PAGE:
Athletics News

Noah Lyles: “I ain’t getting to the top to be pulled down”

Noah Lyles: "I ain't getting to the top to be pulled down"

An exclusive chat with Noah Lyles about life on and off the track after he won three gold medals in Budapest

You suspect Noah Lyles knew exactly what he was doing. He had just become the fifth man in history to complete the 100m and 200m sprint double at a World Championships, and decided to air some opinions.

Asked – as he often is – about what could be done to improve the sport he is bending to his will, he decided to turn the focus in another direction. The man who was born in Florida should be a huge star in America, yet still his profile is dwarfed by those who make their living through American football, baseball or the sport Lyles singled out. Basketball.

“What hurts me the most is I have to watch the NBA finals and they have world champion on their heads,” Lyles said. “World champion of what? The United States?

“Don’t get me wrong – I love the US, at times – but that ain’t the world.”

Noah Lyles (Getty)

It is inarguable that the 26-year-old is at the heart of a truly global sport. In his gold medal-winning exploits in Budapest he saw off opponents from Britain to Botswana, Canada to the Czech Republic.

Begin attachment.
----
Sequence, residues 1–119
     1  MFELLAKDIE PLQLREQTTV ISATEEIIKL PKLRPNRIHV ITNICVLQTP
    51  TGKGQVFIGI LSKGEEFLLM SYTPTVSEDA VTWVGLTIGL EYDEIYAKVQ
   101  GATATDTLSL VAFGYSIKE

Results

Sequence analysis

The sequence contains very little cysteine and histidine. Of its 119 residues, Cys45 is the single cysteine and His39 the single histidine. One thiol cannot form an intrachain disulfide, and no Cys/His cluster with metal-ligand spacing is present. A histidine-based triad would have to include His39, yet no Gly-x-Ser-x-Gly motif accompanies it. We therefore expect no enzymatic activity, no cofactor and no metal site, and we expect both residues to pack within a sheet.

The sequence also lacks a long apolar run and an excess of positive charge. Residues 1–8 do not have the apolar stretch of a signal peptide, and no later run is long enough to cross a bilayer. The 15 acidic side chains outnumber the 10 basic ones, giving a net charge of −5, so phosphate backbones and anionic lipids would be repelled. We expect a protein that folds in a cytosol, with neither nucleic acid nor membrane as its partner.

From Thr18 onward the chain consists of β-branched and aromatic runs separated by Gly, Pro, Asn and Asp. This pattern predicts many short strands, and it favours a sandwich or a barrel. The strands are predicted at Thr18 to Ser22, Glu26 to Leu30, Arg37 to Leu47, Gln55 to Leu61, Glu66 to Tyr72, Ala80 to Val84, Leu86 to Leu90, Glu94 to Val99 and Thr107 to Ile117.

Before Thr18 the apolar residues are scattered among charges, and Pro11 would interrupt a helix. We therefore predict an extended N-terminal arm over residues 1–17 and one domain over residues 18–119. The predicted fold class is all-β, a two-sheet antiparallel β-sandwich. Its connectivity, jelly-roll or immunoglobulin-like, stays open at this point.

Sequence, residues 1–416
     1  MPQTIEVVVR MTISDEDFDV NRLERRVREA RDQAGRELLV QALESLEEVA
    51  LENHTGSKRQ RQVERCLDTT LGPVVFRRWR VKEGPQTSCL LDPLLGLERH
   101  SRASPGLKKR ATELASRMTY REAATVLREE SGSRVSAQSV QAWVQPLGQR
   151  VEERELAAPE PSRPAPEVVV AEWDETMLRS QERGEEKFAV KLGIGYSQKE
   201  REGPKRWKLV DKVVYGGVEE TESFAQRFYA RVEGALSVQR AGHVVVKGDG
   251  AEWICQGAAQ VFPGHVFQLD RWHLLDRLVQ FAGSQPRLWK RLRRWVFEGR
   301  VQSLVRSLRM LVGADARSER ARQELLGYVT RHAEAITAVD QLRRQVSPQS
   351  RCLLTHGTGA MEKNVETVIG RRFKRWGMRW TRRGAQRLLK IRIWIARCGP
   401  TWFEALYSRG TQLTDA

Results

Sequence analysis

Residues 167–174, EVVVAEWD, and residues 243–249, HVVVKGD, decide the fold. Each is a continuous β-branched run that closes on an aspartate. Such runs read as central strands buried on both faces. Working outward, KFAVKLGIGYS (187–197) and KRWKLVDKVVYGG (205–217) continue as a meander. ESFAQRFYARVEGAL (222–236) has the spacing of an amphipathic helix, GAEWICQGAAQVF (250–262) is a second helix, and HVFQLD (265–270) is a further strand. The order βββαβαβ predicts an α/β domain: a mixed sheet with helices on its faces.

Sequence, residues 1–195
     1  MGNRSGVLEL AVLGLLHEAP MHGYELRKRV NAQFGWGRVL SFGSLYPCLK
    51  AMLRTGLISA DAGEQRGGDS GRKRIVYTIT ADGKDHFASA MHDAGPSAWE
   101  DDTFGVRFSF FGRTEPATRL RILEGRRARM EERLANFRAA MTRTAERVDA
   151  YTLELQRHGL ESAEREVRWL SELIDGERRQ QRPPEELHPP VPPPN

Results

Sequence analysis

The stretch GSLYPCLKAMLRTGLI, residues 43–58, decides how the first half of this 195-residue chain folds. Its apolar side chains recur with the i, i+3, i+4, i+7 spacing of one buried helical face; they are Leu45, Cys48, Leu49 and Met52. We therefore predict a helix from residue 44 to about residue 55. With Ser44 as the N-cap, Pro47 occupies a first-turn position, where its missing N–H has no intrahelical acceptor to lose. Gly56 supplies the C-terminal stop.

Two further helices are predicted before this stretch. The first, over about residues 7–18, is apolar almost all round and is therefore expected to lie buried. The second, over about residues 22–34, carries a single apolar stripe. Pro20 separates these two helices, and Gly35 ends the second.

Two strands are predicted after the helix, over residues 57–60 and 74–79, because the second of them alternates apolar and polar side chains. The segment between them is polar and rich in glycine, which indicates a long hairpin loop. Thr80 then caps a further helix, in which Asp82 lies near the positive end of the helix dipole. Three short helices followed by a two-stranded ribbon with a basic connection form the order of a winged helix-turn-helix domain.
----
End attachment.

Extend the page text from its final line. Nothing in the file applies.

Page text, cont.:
Much of the sporting public in America reacted to the comments with outrage and anger – also largely missing the point entirely – filling broadcast schedules with opinions about why Lyles was wrong. Yet, with his words, he placed athletics into the spotlight and made it the centre of attention. And that is his mission.

Not only does Lyles know how to win, he is also becoming increasingly adept at knowing how to play the game away from the track. He regularly speaks of “wanting to transcend” the sport and being more than “track famous”. To that end, he can be found at fashion shows, collaborating with designers, artists and musicians, as well as starring in his own docuseries which is designed to peek behind the scenes of the sprinting world. ω

In Budapest, he was also followed closely by the Netflix cameras. Ahead of next year’s Paris Olympics, the streaming platform will be screening a series which focuses on the quickest humans on the planet. The hope is that it can have a similar effect to the Drive to Survive project that did so much to raise the profile of Formula One. 

Noah Lyles (Getty)

“They weren’t talking about me at the beginning of that documentary,” joked Lyles. “As soon as I won [at the Diamond League] in Paris, they got buddy, buddy real quick!

“I think it went from being a…

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